A Typical Hoosier Spring

Spring in Indiana isn’t for sissies!

Earlier this week the temperatures hit 80 degrees! T-shirt weather and I was able to accomplish so much! Plants were growing at an amazing rate. Just keeping the Bloom Journal caught up took several minutes each day. People ask why I bother noting the beginning bloom date of each flower. There are several reasons. First, it causes me to look, REALLY LOOK at the gardens carefully each day and to notice each flower. There were so many years when I was operating a small farm that I never had time to even notice any of the daffodils in my own garden. Secondly, it helps me determine which varieties to order again for planting this fall. If two varieties of orange tulips begin blooming about the same time, but one only last 5 days and the other 10, it’s obvious which to order again. Three, it helps me see the gaps when I do my winter planning for the next season. Four, I can compare years and get a general idea of how the season is running. For instance, here’s the mini true iris that my friend Margaret gave me fifteen years ago.

This little darling is only 3″ tall, but has a 3″ purple flower!

2016 was the mildest, earliest growing season since I retired and began keeping a bloom record of my home gardens. The mini iris bloomed on March 30. 2018 was our latest spring, with its flowers opening April 19. This year, it opened on April 5 so hopefully we will have a somewhat “normal” season, although there is snow forecast and temperatures in the 20’sF for three successive nights next week. Five, if I notice something in the Bloom Journal from last year, but I don’t see it bloom this year I can investigate. Is the plant still there, or did it die? If it’s gone, was the spot too soggy, or too shady? If it’s there but didn’t bloom, does it need dividing or to be moved, or fertilized, or pruned? Was it important enough in the bloom schedule that it should be replaced, or should something new be given its spot? Without a Bloom Journal no doubt I would have forgotten it was missing.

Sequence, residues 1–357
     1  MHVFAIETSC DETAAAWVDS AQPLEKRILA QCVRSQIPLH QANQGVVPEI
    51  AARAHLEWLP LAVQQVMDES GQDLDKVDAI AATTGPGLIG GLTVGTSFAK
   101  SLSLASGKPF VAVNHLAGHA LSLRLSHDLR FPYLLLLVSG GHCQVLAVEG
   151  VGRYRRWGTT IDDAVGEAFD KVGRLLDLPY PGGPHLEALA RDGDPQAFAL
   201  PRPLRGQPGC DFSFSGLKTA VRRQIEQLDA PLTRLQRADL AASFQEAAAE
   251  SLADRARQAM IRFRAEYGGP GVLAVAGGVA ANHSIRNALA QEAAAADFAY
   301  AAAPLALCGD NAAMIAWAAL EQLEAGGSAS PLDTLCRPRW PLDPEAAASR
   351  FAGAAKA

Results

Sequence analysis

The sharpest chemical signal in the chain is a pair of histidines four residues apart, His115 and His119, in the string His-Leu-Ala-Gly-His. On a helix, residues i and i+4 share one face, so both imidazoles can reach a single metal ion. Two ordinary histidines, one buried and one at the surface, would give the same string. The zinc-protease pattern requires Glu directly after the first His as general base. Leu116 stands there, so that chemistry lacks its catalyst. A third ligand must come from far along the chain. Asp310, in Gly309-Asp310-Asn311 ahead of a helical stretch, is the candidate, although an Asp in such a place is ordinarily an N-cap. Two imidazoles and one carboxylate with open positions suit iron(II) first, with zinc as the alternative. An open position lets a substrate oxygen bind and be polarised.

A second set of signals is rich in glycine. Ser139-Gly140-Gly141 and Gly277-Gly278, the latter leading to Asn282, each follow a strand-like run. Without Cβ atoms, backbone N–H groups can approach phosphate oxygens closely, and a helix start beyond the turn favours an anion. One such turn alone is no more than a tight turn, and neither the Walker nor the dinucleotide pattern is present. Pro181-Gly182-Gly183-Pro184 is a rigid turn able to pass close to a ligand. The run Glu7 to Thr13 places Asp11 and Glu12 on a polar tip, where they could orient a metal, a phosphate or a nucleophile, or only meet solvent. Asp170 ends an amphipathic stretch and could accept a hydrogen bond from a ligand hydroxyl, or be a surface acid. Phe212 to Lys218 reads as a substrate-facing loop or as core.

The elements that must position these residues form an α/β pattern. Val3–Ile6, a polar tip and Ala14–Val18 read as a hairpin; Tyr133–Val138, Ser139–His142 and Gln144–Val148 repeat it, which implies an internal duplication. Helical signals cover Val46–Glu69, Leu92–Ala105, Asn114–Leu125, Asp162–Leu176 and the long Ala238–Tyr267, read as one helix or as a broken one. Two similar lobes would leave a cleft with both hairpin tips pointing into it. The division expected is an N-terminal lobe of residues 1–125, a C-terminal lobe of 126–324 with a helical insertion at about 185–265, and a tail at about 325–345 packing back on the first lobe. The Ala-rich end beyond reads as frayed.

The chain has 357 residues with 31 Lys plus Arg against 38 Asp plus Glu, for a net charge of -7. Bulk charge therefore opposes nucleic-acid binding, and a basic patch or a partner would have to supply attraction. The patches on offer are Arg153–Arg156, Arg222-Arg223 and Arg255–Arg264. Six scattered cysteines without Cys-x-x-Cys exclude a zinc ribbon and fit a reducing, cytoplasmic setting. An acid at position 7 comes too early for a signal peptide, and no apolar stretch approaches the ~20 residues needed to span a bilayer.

Yesterday, it was too cool and terribly windy for outdoor work, other than the Bloom Journal entries and moving all the flats that had been hardening off on the outdoor bench back into the greenhouse. Forecasters had issued a freeze warning, not for our county but for those south of us. However, I’ve learned that my gardens are actually in a little cold pocket, and we are on the southern edge of our county, so I took heed. Better safe than sorry. I also put the little poly tunnel over the broad beans, just to be safe. The last thing I did was to pick a bouquet of daffodils whose stems had been bent by the winds, or were lying in the mud.

I love the variety of daffodils! Is there anything more cheerful?

The earliest daffodils have finished now, and the wide variety of mid-season flowers are stealing the show. Of course, those with huge blooms or very double flowers are those more apt to be wind-damaged. The “British Gamble” on the bottom right with the pale salmon trumpet edges are nearly 4″ across. They are also planted in the Front Island, a very un-protected location. “Tahiti” with soft yellow petals with touches of orange in its double form is also prone to wind because of its heavy head. “Avalon” (the tallest one) is not a flopper, but it’s one of my favorites and just opened yesterday, so I picked one for “joy factor.” Sadly, I can’t find a label for the bright yellow with the deep orange-red short trumpet, or the white with small orange cup with its canary edge. I must go through my old order sheets and sort it out…a rainy day project, or next week when it snows?

No morning tea on the deck today!

Earlier this week, I had almost convinced myself to drag out the deck furniture that is now stored in the gazebo, but decided to do garden work while it was dry enough. Furniture moving could happen when it was muddy. Now I’m certainly glad my priorities were in order. I’d also toyed with the idea of moving the ferns into the gazebo.

I don’t think this fern is longing to be outside today.

On this cloudy, chilly Good Friday the spring teapot will get good use. It’s a day to catch up the transplanting in the basement and to seed the next round of veggies and flowers in flats, because everything needs to be ready once the weather does well and truly break. And to search to see if potting soil can be ordered on-line and delivered. Hopefully, we’ll all be free to hop around soon. Meantime, Happy Easter! Stay home, stay safe, find joy in these more relaxed schedules.

Spring will come to stay…sooner or later!

About carolee

A former professional herb and lavender grower, now just growing for joy in my new potager. When I'm not in the garden, I'm in the kitchen, writing, or traveling to great gardens.
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4 Responses to A Typical Hoosier Spring

  1. bcparkison says:

    No snow here but our temps will be around 40 f a couple of nights. But then we have always had cool/cold weather right before Easter. I grew up in Ft.Worth Texas and my Mother always made my sisters and myself light weight wool coats for our Easter outfits.

    Like

  2. Same up and down in temperatures here in uk. I can remember suffering with sun burn when painting woodwork on the front of the house just before Easter one year and by Easter itself it was snowing.

    Like

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